False Messiahs, Birthright, and ANASTASIA (1997)
NOTE: Originally published in The Princess Gospels (2018). Photos added.
“I don't have time to play, I'm waiting for a sign!”
Distributor: 20th Century Fox
Producers: Don Bluth, Gary Goldman
Directors: Don Bluth, Gary Goldman
Writers: Susan Gauthier, Bruce Graham, Bob Tzudiker, Noni White, and Carrie Fisher
Runtime: 94 minutes
Scripture Reading: 1 Peter 3:15-16
To be perfectly honest, I'd never seen today's film until writing The Princess Gospels. Mostly, it was because I was 16 when it came out, so my interest level wasn't too high, but also because (much like Pocahontas), I was uncomfortable with this animated, fantasy interpretation of real events. In the film, Rasputin is an evil wizard who curses the Romanov family of Imperial Russia. The Grand Duchess, Anastasia, is lost in the shuffle and loses her memory. After growing up in an orphanage under the name Anya, she looks for a man named Dimitri whom she has heard can get her passage to Paris, where she hopes to discover the truth about herself and her past.
Dimitri has been auditioning local actresses for the role of Anastasia – not for a play but for the biggest con of his life: convincing the Dowager Empress Marie that he has found the duchess so that he can claim the hefty reward of 10 million rubles for finding her. Complicating matters is the fact that Marie is so worn out over imposters trying to get the reward that she no longer wishes to see anyone who purports to be her long-lost granddaughter.
Jesus had to deal with a similar issue. Dozens of so-called 'messiahs' had popped up over time, each claiming to be the foretold King of the Jews. Some were con artists, others were insane. To naysayers, Jesus was just another mad man or charlatan, but what distinguished Him from other 'applicants' was His ability to fulfill prophecy. For example, being born in Bethlehem to a virgin of the House of David. That's just to name three prophecies; depending on how you count, there are anywhere from 44 to 300 prophecies in the Old Testament predicting the messiah, and Jesus fulfills each and every one.1 In the movie, Anya proves she is Anastasia, not by her knowledge of family lineage or royal decorum but by her personal relationship with the Dowager Empress. Likewise, a particularly cunning conman might be able to concoct a few 'miracles' to trick a crowd, and a crazy person might stumble through a few items on a checklist by chance, but only the one, true messiah could fulfill it all.
In his magnum opus, Mere Christianity, C.S. Lewis wrote, “A man who was merely a man and said the sort of things Jesus said would not be a great moral teacher. He would either be a lunatic — on the level with the man who says he is a poached egg — or else he would be the Devil of Hell. You must make your choice. Either this man was, and is, the Son of God, or else a madman or something worse.”2 Tragically, just like many false messiahs came forward before Jesus, many false Jesuses have proceeded Him. Throughout history, cult leaders have risen to power by claiming to be Christ; others don't claim to be Jesus Himself but are false prophets just the same. One of those men was Rasputin.
Grigori Rasputin was already dead by the time of the events of this film. In the movie, the fall of the Romanovs is due to a curse he put on the family, but in real life they were killed as part of a coup by the Bolsheviks, which gave rise to the Soviet Union. Rasputin was a mystic brought in by the Tsar to cure his son of hemophilia, but he was crooked and used his favor with the royals as a pathway to high society, and was assassinated when his deceptions were exposed.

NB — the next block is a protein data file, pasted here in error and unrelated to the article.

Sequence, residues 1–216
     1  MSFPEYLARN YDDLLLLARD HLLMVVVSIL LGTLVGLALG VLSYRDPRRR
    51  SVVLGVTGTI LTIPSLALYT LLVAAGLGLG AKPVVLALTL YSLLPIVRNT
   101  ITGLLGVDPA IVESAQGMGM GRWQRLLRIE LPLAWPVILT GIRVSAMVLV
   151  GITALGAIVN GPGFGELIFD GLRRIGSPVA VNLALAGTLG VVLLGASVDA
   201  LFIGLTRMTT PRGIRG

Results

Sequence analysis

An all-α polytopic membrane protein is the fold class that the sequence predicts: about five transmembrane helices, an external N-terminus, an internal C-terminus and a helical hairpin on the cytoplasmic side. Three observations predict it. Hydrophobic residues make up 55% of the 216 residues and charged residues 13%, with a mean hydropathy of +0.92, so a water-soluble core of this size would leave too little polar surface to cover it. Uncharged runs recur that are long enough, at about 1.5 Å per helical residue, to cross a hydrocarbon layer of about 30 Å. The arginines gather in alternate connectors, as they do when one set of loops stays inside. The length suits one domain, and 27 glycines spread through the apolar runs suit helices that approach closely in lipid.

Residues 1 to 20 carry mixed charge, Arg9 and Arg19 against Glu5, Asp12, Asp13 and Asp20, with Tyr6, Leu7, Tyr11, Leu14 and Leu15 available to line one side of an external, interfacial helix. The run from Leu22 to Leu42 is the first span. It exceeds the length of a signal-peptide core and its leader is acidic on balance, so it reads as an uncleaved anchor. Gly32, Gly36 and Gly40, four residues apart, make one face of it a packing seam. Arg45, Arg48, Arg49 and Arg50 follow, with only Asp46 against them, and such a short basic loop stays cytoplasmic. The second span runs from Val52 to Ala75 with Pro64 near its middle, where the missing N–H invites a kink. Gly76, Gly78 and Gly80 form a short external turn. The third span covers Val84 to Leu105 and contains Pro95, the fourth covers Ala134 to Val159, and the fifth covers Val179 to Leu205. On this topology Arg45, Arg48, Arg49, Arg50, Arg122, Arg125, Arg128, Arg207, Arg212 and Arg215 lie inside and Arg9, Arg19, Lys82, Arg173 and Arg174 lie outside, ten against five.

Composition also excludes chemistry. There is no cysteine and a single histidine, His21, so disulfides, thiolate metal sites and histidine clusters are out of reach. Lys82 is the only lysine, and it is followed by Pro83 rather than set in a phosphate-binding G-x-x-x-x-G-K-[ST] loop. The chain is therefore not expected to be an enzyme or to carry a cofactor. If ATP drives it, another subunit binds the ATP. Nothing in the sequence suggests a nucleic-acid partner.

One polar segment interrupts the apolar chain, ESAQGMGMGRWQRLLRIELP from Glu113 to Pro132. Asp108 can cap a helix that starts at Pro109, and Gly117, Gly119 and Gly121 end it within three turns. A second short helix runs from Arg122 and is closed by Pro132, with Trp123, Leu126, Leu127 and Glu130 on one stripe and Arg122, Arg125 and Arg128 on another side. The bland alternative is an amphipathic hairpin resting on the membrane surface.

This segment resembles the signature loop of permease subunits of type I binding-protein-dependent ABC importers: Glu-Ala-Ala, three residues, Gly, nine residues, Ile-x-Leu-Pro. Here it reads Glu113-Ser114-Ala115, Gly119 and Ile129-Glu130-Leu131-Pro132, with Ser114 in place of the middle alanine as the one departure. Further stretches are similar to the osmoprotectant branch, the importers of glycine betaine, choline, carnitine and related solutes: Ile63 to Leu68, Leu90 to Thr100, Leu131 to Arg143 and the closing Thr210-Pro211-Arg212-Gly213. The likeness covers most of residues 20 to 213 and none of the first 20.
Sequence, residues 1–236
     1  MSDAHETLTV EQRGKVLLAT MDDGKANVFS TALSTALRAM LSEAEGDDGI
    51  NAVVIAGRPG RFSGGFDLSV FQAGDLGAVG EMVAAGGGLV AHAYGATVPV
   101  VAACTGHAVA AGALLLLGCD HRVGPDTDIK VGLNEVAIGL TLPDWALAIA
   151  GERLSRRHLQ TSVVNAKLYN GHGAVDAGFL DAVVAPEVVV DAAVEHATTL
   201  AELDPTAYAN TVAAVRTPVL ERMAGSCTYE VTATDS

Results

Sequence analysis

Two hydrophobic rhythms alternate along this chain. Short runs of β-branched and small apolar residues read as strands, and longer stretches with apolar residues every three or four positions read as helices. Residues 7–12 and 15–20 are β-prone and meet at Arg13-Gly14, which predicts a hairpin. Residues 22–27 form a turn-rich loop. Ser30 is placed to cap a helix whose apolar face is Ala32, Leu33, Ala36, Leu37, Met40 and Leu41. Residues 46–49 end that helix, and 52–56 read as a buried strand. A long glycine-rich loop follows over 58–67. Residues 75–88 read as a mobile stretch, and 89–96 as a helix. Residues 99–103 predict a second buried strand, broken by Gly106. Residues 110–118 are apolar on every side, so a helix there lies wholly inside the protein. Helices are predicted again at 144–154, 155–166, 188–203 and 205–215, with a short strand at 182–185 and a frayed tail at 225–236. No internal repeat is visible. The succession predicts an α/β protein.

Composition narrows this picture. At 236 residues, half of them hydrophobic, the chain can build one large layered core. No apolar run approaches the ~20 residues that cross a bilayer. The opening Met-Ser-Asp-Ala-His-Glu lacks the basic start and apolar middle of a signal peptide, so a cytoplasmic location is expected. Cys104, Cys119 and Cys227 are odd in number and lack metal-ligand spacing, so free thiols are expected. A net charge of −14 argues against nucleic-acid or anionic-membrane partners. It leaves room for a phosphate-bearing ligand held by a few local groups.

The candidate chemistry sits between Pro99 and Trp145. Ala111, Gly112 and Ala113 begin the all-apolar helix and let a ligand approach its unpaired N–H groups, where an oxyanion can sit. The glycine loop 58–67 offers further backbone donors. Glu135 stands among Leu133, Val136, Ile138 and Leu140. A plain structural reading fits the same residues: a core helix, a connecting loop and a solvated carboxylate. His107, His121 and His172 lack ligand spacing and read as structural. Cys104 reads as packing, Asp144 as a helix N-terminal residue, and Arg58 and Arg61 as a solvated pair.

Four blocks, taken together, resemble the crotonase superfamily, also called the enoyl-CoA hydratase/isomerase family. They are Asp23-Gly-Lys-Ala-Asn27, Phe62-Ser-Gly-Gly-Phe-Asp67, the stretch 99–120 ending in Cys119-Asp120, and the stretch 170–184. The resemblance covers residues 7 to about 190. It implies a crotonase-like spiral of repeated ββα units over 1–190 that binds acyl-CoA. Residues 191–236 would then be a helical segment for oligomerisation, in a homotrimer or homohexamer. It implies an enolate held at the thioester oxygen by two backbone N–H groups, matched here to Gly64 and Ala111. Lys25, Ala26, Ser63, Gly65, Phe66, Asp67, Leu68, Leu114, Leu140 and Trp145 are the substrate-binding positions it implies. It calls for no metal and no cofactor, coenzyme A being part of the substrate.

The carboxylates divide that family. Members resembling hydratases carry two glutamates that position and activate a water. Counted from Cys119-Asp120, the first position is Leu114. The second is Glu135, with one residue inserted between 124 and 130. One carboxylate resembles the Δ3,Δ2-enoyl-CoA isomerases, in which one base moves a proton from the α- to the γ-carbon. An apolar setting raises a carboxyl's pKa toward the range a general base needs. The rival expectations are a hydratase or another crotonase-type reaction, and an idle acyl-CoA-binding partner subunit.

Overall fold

A lot of self-professed 'holy men' exploit the fear and vulnerability of the faithful, and use ministry as a means to gain power. Just as Jesus fulfilled prophecy to prove He was the messiah, we must test leaders and teachers to see if they are truly God-sent (1 John 4:1-3). Do they believe in a risen Christ? Do their teachings line up with scripture? Frauds can dazzle you with stirring speeches, but a true teacher inspires you to want to dig into the Word yourself. We also need to be prepared to account for ourselves, like Anastasia.
1 Peter 3:15-16 says “Always be prepared to give an answer to everyone who asks you to give the reason for the hope that you have. But do this with gentleness and respect, keeping a clear conscience.” The world is filled with phony people who hide behind religion. It's the difference between knowing the right things to say and actually being who you say you are. In doing so, we might even help others realize that they are long-lost members of our royal family, too.
- How comfortable are you talking about your faith?
- Do you have experience with false teachers? If so, what?
If you enjoyed this examination of Anastasia, you might like my book, The Princess Gospels, a devotional of spiritual lessons we can learn from 24 of the best princess movies ever made. Get your copy here.
A Queens native, Jason grew up in Lakeland, FL and attended Rochelle School of the Arts before moving to Florida's Nature Coast, where he resides. He always dreamed of being a storyteller, and he graduated Magna Cum Laude from Saint Leo University with a BA in Psychology and a Minor in Religion. He has been a professional guest speaker for thirteen years, talking at churches, graduations, and as a guest lecturer at Pasco-Hernando State College.